If playing with the advanced rules, which is the only way I've played, there are a few differences. Points for silver, gold and red are the same. Points for having the most in blue, green, yellow, purple and white are 8, 10 or 12, again depending upon the number of players. The precious black diamond is worth 15 points, but nullifies any of these colored gems. Thus, pursuing the black diamond is a risky strategy, but can pay off if a player also managed to collect numerous gold, silver and red gems. Finally, having one each of the blue, green, yellow, purple and white gems yields 5 points. Interestingly, the intent of the rules is to award these 5 points to a player only once, no matter how many sets they managed to collect. However, we misplayed this rule in my first few playings, awarding 5 points for EACH set collected by a player. We found we enjoyed this method better, and Bruno is even including this as an option in the second edition.

All of these combinations are conveniently listed on the handily player screen. Sadly, the colors of several of the gems are incredibly similar. For instance, it is practically impossible to differentiate between the silver and white gems on the screen, or the yellow and gold, for that matter. Fortunately, they are separated by category, so you can mentally adjust to their respective values in this manner as opposed to identifying them by color alone. The screen also lists the quantity of each color gem, so you can 'play the odds' when planning your strategy and during the frantic negotiations.

When a dragon is slain and the loot divided or discarded, a new dragon card is drawn to take the departed beast's place. About midway through the game, a market card is revealed which allows all players the opportunity to trade gems freely. Again, this trading round is limited to one minute. It can be vitally important, however, as it gives players the opportunity to acquire desirable gems and part with gems which have little value in your particular strategy.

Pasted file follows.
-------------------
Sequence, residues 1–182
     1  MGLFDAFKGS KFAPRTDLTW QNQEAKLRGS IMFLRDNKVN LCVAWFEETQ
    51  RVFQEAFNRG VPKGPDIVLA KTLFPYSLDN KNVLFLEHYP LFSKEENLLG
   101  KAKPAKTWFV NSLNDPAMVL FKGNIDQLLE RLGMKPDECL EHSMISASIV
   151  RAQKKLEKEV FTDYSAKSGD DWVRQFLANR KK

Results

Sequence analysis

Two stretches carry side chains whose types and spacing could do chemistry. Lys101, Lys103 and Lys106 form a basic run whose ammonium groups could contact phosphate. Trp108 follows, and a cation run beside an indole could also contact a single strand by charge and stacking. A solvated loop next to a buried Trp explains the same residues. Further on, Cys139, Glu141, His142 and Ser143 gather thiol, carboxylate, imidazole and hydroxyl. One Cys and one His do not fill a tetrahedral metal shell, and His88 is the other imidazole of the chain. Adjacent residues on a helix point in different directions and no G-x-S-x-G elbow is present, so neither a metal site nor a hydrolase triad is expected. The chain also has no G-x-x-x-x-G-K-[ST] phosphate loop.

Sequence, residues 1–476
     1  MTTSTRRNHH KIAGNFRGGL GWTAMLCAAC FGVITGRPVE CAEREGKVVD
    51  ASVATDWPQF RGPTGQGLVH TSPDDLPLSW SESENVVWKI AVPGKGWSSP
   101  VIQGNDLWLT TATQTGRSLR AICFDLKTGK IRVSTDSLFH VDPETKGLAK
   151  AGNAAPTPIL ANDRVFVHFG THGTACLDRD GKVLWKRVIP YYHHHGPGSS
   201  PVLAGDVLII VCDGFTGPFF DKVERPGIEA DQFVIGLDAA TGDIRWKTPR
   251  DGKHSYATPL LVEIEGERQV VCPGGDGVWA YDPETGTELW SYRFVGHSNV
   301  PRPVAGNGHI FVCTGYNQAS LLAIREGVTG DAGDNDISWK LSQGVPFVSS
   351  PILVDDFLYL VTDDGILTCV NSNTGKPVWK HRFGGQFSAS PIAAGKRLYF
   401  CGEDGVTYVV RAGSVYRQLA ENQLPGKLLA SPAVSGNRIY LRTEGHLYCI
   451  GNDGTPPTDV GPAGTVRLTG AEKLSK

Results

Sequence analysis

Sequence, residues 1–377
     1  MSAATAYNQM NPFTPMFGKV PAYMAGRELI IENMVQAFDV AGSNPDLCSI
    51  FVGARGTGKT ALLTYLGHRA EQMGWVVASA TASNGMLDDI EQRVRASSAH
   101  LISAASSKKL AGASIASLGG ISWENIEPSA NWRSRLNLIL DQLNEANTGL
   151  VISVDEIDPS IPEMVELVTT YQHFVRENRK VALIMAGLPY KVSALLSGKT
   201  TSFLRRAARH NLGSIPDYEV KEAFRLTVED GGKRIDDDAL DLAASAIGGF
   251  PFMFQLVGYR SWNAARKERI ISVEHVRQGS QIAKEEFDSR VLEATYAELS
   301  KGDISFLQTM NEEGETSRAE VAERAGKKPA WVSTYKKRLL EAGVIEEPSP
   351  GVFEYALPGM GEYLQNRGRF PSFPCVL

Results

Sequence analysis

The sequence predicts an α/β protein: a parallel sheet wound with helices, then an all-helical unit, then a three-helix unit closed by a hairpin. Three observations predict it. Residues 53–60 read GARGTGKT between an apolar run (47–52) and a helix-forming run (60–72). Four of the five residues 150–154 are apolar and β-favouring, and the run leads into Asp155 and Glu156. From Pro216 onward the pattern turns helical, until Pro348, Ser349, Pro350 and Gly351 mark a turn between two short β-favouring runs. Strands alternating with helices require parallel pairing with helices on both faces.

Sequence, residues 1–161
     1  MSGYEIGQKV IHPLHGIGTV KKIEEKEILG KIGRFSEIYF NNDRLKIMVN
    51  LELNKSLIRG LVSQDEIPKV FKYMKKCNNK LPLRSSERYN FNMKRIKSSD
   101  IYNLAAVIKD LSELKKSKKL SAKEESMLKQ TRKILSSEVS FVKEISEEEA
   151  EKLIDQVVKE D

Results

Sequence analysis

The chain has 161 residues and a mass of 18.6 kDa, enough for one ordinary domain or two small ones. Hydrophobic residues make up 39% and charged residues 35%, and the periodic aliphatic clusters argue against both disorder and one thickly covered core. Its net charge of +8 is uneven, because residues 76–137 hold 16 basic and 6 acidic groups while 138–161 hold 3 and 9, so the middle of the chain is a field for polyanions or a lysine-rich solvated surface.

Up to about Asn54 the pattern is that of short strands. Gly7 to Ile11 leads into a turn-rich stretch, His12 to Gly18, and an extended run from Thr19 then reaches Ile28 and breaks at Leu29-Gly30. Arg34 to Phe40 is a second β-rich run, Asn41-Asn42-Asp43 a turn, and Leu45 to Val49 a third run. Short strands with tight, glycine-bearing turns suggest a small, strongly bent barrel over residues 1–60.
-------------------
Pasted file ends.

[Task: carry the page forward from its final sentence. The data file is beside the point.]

There is one added level of spice. Each player begins the game with an event card. These cards specify when they may be played and have a wide variety of effects from stealing treasure, moving treasures, increasing or decreasing the value of adventurers or dragons or calling another market. Once a card is used, it is discarded. New cards are acquired IF you had a wizard present in a slaying AND you acquired a red gem during the negotiations.

When the final gem is drawn from the bag, no further dragons are placed to replace slain dragons. The game ends when the remaining four dragons on the table are slain. Players then tally their points according to the gem values and combinations listed on their screen. The player with the greatest wealth is victorious.

Dragon's Gold is quite simple, easy to learn and play ... and is truly fun. I am partial to negotiation games anyway, so this one had a high likelihood of being a success in my book. It is also quick enough that it will likely become a group favorite. However, for folks who aren't fond of negotiation or deal-making elements, the game will likely not be very popular. At a car dealership convention, however, it should prove more popular than a pin-up model.